Public Safety Building: Permanently Closed

Jacqueline Young | Stationpoint Photographic

This is a courageous shot because it includes all the street furniture in its full glory. Nothing has been photoshopped or cleaned up—there’s the garbage truck, the fire hydrant, the pylons, the man in a brown coat, some graffiti in the back; rather than detracting, these elements work together in a cohesive colour palette, contributing to the richness of the image. It captures the character of a real-life moment and allows for different kinds of readings that cohere with the multiple ways that Brutalist architecture is seen. It definitely elicits a reaction. – Jury Comment

Once a very fine example of Brutalist Architecture in Winnipeg, the Public Safety Building, designed by Les Stechesen while working for Libling Michener, was completed in 1966 and served as a jail and police headquarters. In 2006, after decades of enduring Winnipeg’s intense freeze/thaw cycles, failure in the limestone cladding necessitated the installation of a plywood covered walkway to protect pedestrians from falling debris. Ultimately, the City of Winnipeg decided that repairing and upgrading the building would not provide value to the community or contribute to revitalization initiatives. The building was demolished in 2020.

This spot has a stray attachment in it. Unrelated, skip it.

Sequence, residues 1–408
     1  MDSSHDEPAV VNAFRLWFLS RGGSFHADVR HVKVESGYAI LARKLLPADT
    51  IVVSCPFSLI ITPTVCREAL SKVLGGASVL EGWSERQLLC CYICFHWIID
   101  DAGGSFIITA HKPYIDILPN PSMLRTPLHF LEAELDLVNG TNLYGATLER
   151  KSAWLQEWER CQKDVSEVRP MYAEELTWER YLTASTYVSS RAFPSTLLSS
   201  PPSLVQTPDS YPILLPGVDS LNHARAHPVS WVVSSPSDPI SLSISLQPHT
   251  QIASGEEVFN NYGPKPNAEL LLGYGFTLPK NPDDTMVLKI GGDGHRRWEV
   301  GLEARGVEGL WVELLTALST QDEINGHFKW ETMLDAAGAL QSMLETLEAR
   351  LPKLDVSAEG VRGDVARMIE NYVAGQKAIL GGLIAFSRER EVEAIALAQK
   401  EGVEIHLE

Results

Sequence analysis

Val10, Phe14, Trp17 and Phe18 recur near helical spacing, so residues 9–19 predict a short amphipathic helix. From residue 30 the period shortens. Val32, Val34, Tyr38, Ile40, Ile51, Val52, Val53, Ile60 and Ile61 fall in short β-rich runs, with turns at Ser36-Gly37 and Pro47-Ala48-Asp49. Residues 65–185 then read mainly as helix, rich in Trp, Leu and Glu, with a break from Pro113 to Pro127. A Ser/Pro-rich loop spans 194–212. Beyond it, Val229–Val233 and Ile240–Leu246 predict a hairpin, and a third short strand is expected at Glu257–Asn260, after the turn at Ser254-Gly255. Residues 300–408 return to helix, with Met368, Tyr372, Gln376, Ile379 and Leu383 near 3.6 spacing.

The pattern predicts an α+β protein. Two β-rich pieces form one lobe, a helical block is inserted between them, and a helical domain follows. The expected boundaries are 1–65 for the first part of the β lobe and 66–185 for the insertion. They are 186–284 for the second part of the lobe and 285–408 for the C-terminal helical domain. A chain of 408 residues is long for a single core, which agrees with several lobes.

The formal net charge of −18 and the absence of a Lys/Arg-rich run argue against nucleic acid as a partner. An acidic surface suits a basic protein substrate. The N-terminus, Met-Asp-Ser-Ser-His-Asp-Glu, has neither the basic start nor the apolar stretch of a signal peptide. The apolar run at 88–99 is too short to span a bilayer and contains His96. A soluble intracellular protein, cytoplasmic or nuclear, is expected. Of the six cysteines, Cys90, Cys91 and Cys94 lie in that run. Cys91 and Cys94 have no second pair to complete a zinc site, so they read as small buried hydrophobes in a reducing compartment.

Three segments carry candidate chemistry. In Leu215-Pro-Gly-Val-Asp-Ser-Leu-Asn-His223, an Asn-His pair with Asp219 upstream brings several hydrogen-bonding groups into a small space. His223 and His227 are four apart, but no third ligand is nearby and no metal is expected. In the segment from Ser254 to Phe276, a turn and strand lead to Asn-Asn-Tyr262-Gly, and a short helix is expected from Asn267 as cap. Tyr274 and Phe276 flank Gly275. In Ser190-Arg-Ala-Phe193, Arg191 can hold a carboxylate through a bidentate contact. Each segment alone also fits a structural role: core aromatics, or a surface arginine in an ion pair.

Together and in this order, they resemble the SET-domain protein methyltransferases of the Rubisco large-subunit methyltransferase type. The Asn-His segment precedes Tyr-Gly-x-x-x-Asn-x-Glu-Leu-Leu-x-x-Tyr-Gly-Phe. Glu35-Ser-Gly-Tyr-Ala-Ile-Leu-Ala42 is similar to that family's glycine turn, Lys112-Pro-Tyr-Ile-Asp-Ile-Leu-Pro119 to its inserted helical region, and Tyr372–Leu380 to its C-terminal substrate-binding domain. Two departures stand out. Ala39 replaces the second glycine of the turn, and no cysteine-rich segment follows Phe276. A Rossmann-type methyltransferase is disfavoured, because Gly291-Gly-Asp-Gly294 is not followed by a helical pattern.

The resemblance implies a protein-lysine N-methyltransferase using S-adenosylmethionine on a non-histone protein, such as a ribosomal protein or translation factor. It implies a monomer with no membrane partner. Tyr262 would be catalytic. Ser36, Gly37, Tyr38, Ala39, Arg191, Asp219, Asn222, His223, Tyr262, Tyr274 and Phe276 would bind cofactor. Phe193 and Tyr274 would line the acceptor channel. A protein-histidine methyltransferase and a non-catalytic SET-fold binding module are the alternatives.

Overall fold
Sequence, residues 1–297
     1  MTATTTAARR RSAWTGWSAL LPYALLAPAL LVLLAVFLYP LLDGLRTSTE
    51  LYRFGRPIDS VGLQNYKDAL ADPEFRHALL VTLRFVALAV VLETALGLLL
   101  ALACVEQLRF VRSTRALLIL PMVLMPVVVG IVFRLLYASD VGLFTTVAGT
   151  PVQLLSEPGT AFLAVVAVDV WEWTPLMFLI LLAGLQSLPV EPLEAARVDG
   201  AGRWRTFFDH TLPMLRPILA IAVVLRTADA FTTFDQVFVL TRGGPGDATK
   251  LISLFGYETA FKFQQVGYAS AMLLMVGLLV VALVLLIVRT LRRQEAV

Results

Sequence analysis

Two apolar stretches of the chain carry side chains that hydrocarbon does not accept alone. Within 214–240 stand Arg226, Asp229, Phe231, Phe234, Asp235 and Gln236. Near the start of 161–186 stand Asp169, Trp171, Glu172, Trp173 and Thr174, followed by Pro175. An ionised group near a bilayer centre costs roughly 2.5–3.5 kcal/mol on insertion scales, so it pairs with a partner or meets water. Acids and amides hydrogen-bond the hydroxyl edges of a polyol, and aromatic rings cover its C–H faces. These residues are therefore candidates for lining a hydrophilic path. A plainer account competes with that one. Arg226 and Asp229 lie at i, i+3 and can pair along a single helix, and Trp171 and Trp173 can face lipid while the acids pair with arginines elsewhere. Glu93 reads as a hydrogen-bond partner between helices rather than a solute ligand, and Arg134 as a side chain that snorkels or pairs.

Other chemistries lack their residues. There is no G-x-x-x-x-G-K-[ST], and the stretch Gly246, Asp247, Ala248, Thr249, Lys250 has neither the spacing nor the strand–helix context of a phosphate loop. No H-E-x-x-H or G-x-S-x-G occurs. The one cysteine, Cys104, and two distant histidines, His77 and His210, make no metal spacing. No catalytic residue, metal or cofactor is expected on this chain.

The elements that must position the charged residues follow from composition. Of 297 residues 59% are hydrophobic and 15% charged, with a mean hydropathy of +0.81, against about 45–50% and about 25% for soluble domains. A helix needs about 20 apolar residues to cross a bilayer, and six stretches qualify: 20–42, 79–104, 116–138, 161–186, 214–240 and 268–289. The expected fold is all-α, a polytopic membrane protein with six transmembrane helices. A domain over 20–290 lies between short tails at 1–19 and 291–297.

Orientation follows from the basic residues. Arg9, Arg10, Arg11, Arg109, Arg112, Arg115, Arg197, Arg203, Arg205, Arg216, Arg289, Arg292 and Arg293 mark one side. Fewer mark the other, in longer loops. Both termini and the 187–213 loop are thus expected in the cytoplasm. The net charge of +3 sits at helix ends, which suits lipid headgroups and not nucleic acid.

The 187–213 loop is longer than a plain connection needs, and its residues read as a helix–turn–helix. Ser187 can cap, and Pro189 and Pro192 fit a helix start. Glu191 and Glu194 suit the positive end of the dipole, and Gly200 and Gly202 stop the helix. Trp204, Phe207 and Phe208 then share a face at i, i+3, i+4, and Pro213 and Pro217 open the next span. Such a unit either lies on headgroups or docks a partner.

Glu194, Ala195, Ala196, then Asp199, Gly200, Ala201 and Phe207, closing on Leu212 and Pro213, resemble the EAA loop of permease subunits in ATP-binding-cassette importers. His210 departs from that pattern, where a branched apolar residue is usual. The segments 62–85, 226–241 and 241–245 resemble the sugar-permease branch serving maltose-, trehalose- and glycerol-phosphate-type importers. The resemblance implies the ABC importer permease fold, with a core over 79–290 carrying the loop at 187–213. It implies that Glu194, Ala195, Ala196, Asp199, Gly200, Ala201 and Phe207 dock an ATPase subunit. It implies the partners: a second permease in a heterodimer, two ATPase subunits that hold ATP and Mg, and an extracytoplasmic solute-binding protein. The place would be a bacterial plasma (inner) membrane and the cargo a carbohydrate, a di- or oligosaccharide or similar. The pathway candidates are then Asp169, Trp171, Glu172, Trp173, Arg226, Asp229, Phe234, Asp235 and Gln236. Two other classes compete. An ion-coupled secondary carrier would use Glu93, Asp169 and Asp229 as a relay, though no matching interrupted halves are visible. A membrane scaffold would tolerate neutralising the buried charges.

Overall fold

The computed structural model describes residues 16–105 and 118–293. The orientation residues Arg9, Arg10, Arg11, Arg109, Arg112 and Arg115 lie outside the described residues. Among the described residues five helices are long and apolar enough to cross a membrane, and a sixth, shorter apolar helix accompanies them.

This image is one of a series made during the beginning of the Covid-19 pandemic when my commissioned work came to a grinding halt.

Architect and location: Libling Michener with lead architect Les Stechesen, Public Safety Building, 1966, Winnipeg, Manitoba